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1982: Finally, a woman on Canada’s Supreme Court

The Story

When Bertha Wilson applied to law school, in 1954, she was told to go home and take up crocheting. And when she applied to a law firm after graduation, the partners debated whether women were suited to practise law. Nearly three decades later, Wilson has earned a place on the Supreme Court of Canada. The National looks on as rights groups cheer for the first woman on Canada's highest court.

Medium: Television
Program: The National
Broadcast Date: March 4, 1982
Guest(s): Jean Chrétien, Robert Kaplan, Flora MacDonald, Ian Morrison, Walter Tarnopolsky, Jean Wood
Host: Knowlton Nash
Reporter: David Halton, Marguerite MacDonald
Duration: 4:15

Did You know?

• Bertha Wilson was born in Kirkcaldy, Scotland, in 1923. She went to university in Aberdeen, earning an MA in philosophy and then went to teachers college. Wilson immigrated to Canada in 1949 with her husband John Wilson, a Presbyterian minister. They settled in Halifax.

• Wilson went to Dalhousie Law School at age 31. After seven years as a "parish minister's wife," she said in 1990, "if anyone had asked me then what a tort was, I would have told them that it was a fancy cake that we served at church suppers."

• The dean asked Wilson why she didn't want to stay home where she had a husband to look after, she recalled in the same speech. "'Look, my dear,'" she quoted him as saying, "'we have no room for dilettantes at this law school. Why don't you just go home and take up crocheting?'" She excelled and graduated in 1958, joining the Toronto Bay Street firm Osler, Hoskin and Harcourt in 1959.

• Wilson was the first woman they'd hired as a lawyer, and the hiring came only after partners debated whether women were suited to practise law. In 1991, she recalled one of her first clients saying, "I don't want any bloody woman drafting my will." She eventually became the firm's first female partner and in 1975, was the first woman appointed to the Ontario Court of Appeal.

• One of Wilson's Appeal Court rulings let an East Indian woman with a PhD in mathematics sue Toronto's Seneca College for racial discrimination when she couldn't get a job interview.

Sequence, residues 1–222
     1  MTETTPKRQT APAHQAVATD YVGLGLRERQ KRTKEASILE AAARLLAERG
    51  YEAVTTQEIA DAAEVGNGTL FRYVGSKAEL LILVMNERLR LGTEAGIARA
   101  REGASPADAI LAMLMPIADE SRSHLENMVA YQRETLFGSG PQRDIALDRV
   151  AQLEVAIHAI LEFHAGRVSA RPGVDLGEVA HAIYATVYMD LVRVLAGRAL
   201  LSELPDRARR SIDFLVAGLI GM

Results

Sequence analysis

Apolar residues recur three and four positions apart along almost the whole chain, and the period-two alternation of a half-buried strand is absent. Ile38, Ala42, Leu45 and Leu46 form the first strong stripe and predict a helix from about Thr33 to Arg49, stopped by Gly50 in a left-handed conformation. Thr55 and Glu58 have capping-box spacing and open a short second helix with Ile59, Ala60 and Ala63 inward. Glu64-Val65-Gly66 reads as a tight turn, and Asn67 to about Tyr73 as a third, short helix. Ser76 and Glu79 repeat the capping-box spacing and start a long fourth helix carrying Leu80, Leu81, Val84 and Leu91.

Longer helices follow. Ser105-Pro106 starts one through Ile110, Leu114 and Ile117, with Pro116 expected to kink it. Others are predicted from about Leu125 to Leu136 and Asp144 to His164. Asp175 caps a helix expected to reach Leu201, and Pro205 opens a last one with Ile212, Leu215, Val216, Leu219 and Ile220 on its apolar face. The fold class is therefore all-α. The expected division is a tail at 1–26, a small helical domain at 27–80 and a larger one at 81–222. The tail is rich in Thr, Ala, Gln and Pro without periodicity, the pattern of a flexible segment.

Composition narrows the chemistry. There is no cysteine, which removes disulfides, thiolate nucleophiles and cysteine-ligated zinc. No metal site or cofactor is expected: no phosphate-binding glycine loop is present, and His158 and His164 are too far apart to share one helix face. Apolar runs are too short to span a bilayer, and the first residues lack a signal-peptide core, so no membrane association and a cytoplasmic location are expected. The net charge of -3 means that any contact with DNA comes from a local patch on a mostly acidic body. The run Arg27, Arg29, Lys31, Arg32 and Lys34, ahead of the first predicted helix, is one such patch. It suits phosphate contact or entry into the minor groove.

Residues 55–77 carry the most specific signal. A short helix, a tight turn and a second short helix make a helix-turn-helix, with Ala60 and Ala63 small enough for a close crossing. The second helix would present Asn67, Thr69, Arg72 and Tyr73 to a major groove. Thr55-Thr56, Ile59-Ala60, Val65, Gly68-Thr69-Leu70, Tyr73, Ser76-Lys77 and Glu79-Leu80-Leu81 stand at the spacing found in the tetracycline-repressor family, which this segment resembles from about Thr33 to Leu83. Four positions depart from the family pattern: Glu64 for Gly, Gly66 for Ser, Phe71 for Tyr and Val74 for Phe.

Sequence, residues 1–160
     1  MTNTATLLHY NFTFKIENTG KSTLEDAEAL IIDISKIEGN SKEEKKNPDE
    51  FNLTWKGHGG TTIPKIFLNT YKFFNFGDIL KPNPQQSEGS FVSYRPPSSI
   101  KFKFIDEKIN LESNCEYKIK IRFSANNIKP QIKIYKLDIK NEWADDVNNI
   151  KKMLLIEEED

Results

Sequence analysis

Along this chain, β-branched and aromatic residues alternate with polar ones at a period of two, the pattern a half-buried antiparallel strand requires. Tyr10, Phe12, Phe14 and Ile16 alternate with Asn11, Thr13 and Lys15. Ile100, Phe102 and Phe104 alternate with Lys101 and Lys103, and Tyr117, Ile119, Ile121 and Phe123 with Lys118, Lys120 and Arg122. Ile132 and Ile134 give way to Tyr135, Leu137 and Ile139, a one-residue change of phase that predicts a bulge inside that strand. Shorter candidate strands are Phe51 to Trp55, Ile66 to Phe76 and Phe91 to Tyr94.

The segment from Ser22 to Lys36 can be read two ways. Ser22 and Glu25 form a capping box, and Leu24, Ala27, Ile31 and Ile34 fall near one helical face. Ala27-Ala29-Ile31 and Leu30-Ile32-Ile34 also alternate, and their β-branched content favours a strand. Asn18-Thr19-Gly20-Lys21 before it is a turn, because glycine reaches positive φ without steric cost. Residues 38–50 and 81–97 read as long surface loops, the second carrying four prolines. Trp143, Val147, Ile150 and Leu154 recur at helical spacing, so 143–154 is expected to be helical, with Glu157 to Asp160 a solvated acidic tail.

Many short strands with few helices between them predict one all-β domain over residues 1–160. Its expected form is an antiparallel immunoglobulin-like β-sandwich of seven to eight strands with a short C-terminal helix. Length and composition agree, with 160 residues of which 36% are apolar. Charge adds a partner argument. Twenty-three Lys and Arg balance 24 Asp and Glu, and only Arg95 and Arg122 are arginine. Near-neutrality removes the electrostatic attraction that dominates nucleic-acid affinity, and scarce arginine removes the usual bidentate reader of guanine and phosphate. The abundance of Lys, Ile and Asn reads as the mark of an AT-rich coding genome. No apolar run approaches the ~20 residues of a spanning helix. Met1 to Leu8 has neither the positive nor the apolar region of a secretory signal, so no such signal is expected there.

• Wilson was named to the Supreme Court by Prime Minister Pierre Trudeau just 17 days before the Charter of Rights and Freedoms was enacted. Wilson was the first woman appointed to the court in its 107-year history. A year earlier, Sandra Day O'Connor had become the first woman to sit on the U.S. Supreme Court.

• While on the court, Wilson became known as a defender of the disadvantaged. In 1988, the court struck down Canada's abortion laws. In her abortion ruling Wilson said, "This decision is one that will have profound psychological, economic and social consequences for the pregnant woman." She added, "It is probably impossible for a man to respond, even imaginatively, to such a dilemma."

• The Charter of Rights and Freedoms sets out rights for all Canadians and gave the Supreme Court the power to strike down any law that violates those rights. A 1990 study showed Wilson was the judge who was most willing to use the charter to strike down unfair or discriminatory laws.

• Wilson was extremely shy and only gave one interview while on the court. She rarely spoke publicly, but in 1990 she gave a speech to Toronto's Osgoode Hall law school in which she said certain aspects of Canadian criminal law were biased against women. The conservative group REAL Women of Canada complained to the Canadian Judicial Council, saying Wilson had a feminist bias. The complaint was thrown out.

• Wilson retired from the court in January 1991. At the public ceremony as she left the court, Wilson said, "Our charter is and must continue to be a vital force in moulding the lives of Canadians." She went on that year to head a Canadian Bar Association task force looking at ways to improve the status of women in the law profession.

Other Canadian women in the Supreme Court:
• Claire L'Heureux-Dubé (appointed 1987, retired 2002)
• Beverley McLachlin (appointed 1989, became Canada's Chief Justice 2000)
• Louise Arbour (appointed 1999, retired 2004)
• Marie Deschamps (appointed 2002, retired 2012)
• Rosalie Abella (appointed 2004)
• Louise Charron (appointed 2004, retired 2011)
• Andromache Karakatsanis (appointed 2011)
• Suzanne Côté (appointed 2014)

• As of November 2014, four of the nine Supreme Court justices are women. McLachlin is chief justice, the court's head.

• Britain was slower to appoint a woman to its House of Lords judicial committee. The first woman was appointed in 2003.

Also on March 4:
1989: Ed Broadbent, leader of the federal New Democratic Party, announces he will resign after 14 years and four elections.


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